Scientists have reported the discovery of the floor of the world's oldest forest. They are now piecing together a view of this ancient site, dating back about 385 million years and - because virtually all studies have to reference global warming these days - they note their research could shed new light on the role of modern-day forests and their impact on climate change.
The recent discovery was made in the same area in Schoharie County, New York where fossils of the Earth's oldest trees, the Gilboa stumps, were discovered in the 1850s, 1920 and again in 2010 and were brought to the New York State Museum. The Museum has the world's largest and best collection of Gilboa fossil tree stumps.
These days it's common to hear about "ecosystem services," but what are they, really? According to G.C. Daily, who coined the phrase in 1997, ecosystem services are "the conditions and processes through which natural ecosystems, and the species that make them up, sustain and fulfill human life." Various authors have tweaked the definition over the years, sometimes to make it more accurate or specific to particular ecosystems. Recently, for instance, researchers amended the idea of ecosystem services to be more applicable to forests; their proposed definition referred to the "components of forests that are enjoyed, consumed, or used to produce specific measurable human benefits."
Writing in the most recent issue of Frontiers in Ecology and the Environment, an international team of collaborators has described nitrogen (N) as "the largest pollution problem in coastal marine waters." Excessive amounts of N sometimes fuel blooms of algae that can outcompete or even poison other organisms, and evaporation of N into the atmosphere in the form of nitrous oxide can cause damage to our delicate ozone layer. Most of the nitrogen along our coasts is deposited there by rivers that pick up N-rich sewage, fertilizer runoff, and atmospheric deposits caused by the burning of fossil fuels; in other words, nitrogen is yet another form of anthropogenic pollution.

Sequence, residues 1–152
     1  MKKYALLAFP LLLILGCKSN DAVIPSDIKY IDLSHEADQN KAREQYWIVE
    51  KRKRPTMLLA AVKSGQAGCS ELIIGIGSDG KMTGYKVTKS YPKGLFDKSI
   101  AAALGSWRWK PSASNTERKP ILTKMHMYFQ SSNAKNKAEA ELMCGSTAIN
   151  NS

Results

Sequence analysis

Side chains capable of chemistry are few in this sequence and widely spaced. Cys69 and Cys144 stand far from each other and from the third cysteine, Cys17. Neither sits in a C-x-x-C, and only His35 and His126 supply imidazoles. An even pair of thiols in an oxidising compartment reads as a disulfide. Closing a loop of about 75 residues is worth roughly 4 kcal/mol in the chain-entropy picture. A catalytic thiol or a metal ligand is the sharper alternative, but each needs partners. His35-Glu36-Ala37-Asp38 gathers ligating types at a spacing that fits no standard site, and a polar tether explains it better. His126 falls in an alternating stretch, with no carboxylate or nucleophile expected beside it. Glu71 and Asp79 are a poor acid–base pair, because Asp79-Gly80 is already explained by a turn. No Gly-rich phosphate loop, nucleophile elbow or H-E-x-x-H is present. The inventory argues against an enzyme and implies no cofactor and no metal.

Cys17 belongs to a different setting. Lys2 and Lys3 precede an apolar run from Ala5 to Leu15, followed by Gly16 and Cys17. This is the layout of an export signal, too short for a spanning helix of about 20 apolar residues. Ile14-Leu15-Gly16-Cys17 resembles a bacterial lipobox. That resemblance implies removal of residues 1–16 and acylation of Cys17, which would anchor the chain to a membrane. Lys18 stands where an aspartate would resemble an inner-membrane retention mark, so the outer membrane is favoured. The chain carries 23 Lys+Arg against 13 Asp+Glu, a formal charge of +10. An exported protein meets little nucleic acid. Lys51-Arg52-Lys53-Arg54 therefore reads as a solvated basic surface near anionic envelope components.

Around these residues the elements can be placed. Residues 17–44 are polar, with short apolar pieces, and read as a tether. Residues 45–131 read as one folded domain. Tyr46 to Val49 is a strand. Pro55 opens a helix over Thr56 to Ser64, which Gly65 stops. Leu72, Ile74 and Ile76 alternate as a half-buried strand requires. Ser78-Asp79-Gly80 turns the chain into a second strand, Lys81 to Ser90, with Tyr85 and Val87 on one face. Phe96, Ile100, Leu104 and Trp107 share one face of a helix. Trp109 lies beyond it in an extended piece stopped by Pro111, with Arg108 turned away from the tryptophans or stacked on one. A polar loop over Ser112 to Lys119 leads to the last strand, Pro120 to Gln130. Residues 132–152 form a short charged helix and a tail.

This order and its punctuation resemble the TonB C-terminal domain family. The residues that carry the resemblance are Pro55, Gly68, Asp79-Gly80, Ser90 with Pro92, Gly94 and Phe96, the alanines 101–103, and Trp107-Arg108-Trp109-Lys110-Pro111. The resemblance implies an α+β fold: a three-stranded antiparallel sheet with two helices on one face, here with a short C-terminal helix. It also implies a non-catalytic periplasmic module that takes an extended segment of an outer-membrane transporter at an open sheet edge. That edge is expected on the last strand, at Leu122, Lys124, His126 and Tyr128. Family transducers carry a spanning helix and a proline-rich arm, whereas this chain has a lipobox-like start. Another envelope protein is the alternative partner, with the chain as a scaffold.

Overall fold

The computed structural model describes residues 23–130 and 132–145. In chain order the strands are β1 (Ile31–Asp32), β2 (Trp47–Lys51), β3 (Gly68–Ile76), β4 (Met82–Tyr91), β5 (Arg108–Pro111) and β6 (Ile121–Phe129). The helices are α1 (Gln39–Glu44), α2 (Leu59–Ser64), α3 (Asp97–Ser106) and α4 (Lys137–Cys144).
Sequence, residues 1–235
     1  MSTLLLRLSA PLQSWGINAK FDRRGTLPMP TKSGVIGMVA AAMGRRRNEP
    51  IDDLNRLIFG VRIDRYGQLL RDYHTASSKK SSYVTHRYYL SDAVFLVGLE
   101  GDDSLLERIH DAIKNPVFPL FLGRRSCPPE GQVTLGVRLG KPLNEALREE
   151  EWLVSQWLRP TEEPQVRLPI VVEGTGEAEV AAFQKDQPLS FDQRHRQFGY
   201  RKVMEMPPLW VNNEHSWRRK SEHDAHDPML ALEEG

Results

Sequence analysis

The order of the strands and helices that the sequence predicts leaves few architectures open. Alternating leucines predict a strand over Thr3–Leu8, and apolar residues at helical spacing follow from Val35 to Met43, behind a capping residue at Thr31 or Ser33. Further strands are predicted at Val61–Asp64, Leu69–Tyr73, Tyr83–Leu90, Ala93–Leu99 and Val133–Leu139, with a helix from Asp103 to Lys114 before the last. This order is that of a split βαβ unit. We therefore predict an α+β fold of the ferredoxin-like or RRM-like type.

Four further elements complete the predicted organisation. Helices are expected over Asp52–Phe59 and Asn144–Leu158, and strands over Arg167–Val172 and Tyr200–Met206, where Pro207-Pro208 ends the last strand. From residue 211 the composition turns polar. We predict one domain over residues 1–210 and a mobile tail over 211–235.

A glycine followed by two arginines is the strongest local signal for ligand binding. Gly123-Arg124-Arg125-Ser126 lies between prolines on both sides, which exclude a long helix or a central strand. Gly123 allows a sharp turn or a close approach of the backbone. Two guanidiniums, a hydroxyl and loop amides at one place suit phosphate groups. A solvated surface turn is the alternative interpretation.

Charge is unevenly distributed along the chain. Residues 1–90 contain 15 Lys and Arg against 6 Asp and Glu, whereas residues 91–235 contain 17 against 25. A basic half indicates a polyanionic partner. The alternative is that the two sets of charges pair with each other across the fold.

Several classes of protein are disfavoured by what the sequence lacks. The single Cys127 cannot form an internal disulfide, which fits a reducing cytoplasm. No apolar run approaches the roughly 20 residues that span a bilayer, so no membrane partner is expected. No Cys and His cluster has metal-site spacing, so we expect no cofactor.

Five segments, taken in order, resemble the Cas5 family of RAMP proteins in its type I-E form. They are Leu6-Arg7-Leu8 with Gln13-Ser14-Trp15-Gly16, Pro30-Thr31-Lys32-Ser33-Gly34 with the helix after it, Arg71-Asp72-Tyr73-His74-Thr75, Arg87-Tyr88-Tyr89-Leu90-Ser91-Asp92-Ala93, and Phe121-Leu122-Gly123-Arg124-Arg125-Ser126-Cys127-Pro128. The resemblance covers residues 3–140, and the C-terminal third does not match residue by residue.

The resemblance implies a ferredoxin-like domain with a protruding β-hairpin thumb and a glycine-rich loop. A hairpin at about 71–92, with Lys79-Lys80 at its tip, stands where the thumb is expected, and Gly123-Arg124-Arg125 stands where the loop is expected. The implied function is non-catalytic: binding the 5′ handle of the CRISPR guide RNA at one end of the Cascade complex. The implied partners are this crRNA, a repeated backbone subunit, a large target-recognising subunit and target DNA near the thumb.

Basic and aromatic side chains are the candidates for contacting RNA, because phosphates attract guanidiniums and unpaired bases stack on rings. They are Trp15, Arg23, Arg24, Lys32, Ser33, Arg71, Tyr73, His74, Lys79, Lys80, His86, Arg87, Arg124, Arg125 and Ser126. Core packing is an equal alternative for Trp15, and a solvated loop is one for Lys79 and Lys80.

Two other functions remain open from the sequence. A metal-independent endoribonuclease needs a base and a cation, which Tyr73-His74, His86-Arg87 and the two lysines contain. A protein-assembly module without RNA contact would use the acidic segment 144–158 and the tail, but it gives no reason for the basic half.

One of the most effective arguments for science solutions to agriculture issues is the misuse of pesticides. It's one area where activists and scientists agree.
Brown planthoppers are one of a rice farmer's worst fears. Considered a major scourge in rice-producing countries, planthoppers cause considerable damage by sucking sap from rice plants, causing them to wilt and die. They also transmit three viral diseases that stunt rice plants and prevent grain formation. The obvious solution of the past few decades has been to rely on pesticides but beneficial insects that prey on planthoppers are killed inadvertently when insecticides are misused or are used indiscriminately.
The last 65 million years of natural history in North America may be broken into six distinct, consecutive waves of mammal species diversity, or evolutionary faunas', according to a new paper in the Proceedings of the National Academy of Sciences.
From a Press Release
by Yorkshire Water:
Trillions Of Fat-Busting Bugs To Be Deployed To Help Fight Sewer Fat
Trillions of fat busting bugs are being deployed from today (Thursday 22 December) by Yorkshire Water over the festive period as it bids to rid its sewers of fat blockages and prevent pollution.
Green solutions have made lofty claims in the last few decades but they have been optimistic hope more than reality. Simulations from the University at Buffalo may change that; they say it's possible for drivers to cut their tailpipe emissions without significantly slowing travel time.
In computer models of traffic in Upstate New York's Buffalo Niagara region, they found that green routing could reduce overall emissions of carbon monoxide by 27 percent for area drivers, though they did it by increasing the length of trips an average of 11 percent.
1. There are only three economies in the world that collectively account for about 55% of the world's carbon dioxide emissions. Identify them and explain why.
The economies are China 23%, the United States 18%, and the European Union 14%.
The latest issue of Conservation Biology marks the journal's 25th anniversary with a series of essays on the future of the field. One of these is a thought-provoking piece by Jon Waterhouse, the Executive Director of the Yukon River Inter-Tribal Watershed Council, and leader of a canoe trek called The Healing Journey. In both those capacities, and in his current essay, Waterhouse emphasizes the importance of nature--not only because of its ability to provide for our bodies, but also because of the contributions it makes to our hearts and minds.
The biodiversity of the ecological community may impact whether a species can evolve to survive climate change, according to a numerical model that simulates the effect of climate change on plants and pollinators.
The study in Evolutionary Applications seeks to address a looming concern; whether species that have survived large climatic change in the past can survive future climate change. In the study, researchers used computer simulations to examine the effect of climate change on populations of flowering plants and their insect pollinators.